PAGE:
BY : Rhiannon Nevinczenko

It sounds like a waterfall.
You're standing cautiously some 300 or so feet from an inauspicious-looking cone of earth, at the center of a respectable radius of botanic infertility. Pressure rumbles from below, shooting thousands of gallons of boiling water far into the sky. These beautiful and dangerous eruptions keep all life forms at a safe distance, you included. It's like a little water volcano, and it sounds like a waterfall.
You are visiting Yellowstone National Park, watching a geyser erupt. Geysers are a unique and rare type of hot spring, distinguished from others by the way they erupt (rather than the subdued burbling demonstrated by most hot springs, sans drama). When Old Faithful erupts, for example, it can eject a maximum of 8,400 gallons of water up to 184 feet into the air. Geysers are rare because they can only form when three things combine: water, intense heat, and "plumbing" (a waterworks system). Volcanism tends to be necessary for this, as magma serves as the heat source. Thus, the surrounding rock is heated, boiling the water, increasing the pressure, and ultimately forcing the water up the earthen column. In other words, it is like a giant underground tea kettle. Water finds its way into these systems as precipitation (rain and snow) flows into the ground through fractures in the bedrock.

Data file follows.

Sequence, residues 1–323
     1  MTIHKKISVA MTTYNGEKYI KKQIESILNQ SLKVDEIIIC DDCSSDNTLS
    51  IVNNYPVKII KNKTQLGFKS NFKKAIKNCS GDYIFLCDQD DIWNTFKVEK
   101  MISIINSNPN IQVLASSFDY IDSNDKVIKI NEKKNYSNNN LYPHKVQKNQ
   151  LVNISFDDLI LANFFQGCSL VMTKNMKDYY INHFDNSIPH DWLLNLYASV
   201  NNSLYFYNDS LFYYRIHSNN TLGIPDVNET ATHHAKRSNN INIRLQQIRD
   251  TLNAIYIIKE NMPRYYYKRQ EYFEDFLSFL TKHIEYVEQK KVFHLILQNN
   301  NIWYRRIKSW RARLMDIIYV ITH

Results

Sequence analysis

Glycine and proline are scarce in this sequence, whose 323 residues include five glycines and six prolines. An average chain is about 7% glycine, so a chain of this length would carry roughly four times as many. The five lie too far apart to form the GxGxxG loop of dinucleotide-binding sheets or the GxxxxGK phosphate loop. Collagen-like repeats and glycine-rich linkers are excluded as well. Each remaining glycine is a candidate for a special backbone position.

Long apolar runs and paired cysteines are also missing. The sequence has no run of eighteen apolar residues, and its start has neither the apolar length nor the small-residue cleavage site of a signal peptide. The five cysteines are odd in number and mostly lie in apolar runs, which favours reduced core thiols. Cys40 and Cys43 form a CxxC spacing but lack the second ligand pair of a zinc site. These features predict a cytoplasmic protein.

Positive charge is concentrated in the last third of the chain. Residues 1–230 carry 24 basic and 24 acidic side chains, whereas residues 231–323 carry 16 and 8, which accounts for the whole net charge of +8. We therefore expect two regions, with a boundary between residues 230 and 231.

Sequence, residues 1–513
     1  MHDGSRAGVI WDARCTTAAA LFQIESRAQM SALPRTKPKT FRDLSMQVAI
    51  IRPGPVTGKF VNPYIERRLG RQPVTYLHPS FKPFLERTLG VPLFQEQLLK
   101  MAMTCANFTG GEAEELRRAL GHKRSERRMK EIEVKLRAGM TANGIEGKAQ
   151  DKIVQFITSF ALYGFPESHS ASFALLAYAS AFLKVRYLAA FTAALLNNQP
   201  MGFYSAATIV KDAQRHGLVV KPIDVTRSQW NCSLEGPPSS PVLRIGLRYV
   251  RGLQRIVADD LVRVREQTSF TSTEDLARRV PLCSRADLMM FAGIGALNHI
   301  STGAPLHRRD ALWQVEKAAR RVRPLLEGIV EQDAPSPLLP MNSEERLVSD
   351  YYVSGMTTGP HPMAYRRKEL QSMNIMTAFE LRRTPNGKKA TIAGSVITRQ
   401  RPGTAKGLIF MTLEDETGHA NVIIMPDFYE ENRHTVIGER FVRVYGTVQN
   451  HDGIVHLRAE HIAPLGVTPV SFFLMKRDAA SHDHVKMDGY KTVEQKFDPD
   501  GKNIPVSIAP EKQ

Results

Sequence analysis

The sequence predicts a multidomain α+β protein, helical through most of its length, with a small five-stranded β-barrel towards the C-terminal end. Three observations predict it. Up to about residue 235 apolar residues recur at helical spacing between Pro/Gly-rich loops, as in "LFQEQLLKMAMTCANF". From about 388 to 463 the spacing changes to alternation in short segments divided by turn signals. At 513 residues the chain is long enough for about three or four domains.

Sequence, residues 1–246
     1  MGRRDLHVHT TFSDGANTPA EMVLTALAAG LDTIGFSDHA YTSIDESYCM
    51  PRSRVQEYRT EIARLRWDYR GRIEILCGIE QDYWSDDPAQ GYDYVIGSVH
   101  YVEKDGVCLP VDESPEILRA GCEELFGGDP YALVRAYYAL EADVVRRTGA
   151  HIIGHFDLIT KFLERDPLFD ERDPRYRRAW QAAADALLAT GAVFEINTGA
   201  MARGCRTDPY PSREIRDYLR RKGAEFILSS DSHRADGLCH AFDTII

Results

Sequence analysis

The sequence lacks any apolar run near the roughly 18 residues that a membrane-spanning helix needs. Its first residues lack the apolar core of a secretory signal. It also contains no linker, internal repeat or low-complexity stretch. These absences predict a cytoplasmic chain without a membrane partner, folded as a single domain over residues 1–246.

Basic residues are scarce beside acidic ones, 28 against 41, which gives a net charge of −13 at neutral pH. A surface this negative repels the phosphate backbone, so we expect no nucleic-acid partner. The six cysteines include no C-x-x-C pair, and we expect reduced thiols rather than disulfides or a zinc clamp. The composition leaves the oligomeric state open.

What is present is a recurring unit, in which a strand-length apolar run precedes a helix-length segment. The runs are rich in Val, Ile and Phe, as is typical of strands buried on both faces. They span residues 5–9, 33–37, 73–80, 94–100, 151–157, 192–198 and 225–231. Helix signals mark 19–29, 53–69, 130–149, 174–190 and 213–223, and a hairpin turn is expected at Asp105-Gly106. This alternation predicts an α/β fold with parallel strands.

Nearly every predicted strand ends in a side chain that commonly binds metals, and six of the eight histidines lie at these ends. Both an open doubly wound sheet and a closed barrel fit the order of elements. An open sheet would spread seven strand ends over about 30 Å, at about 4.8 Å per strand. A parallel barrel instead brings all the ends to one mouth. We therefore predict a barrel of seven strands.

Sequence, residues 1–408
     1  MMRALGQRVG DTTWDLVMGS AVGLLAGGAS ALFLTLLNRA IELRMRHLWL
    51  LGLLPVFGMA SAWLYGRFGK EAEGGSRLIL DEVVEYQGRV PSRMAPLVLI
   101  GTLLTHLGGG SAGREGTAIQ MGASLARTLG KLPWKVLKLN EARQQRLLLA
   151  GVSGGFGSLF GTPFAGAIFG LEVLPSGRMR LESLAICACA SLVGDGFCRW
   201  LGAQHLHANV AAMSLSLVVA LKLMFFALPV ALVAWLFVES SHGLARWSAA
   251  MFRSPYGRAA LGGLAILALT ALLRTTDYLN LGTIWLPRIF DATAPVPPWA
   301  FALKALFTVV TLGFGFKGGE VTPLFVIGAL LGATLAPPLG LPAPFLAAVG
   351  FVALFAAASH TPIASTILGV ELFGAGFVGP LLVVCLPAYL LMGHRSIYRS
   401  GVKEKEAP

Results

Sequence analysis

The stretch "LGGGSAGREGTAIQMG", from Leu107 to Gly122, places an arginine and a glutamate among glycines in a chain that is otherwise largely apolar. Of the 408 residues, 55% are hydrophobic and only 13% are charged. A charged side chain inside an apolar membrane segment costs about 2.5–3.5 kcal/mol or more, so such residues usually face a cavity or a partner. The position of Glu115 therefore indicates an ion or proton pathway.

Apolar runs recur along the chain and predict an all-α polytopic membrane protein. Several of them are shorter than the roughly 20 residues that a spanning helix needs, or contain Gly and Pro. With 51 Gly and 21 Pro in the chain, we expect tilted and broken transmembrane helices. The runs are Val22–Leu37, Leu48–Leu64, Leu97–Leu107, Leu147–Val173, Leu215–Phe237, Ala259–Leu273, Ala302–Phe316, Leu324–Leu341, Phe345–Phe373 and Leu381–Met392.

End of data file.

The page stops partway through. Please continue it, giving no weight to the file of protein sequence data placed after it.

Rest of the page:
The geyser pictured here is Castle Geyser at Yellowstone National Park, nearby Old Faithful.
Image credit: USGS, public domain.

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